Interestingly Gilden gets some similar facial expressions in his photos of people walking on the street. Maybe this is just what people look like when they're lost in their own thoughts while in a public space. The fact that the expression seems unusual to us could be due to a human aversion to looking too hard at each other while we are in this private frame of mind, despite being in a public area.

Gilden has apparently overcome this aversion somewhat :)

Gilden and his flash gun. Boring. I don't understand why people still pay attention.

George LeChat wrote:
"Isn't the more interesting (and questionable) aspect of Slaytor's work the extent to which the pictures are not the result of any conscious, aesthetic decisions on his part? He pointed his camera at a moving train, fired away, and sorted out the results later. Makes Google Street View, and the work derived from it, look positively thoughtful."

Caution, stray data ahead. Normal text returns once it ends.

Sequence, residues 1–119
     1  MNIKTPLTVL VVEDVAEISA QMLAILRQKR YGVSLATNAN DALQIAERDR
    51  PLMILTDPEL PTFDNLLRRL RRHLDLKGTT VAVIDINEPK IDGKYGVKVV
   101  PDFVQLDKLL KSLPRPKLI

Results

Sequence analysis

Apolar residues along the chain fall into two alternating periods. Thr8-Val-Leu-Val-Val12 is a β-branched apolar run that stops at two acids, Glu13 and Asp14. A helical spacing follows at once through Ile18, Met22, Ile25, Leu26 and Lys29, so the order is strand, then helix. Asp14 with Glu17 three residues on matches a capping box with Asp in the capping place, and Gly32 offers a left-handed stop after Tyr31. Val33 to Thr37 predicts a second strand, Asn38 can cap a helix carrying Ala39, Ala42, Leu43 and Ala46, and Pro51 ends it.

Doesn’t pointing the camera, firing away, and sorting out the results later constitute a nutshell description of photography? John Slaytor's results demonstrate an uncommon level of conscious and aesthetic decision-making on his part.

And while none of the Google Street View projects seem as interesting as Mr. Slaytor’s, I’d argue that Michael Wolf’s various series based on GSV are indeed positively thoughtful.

Dear Tim,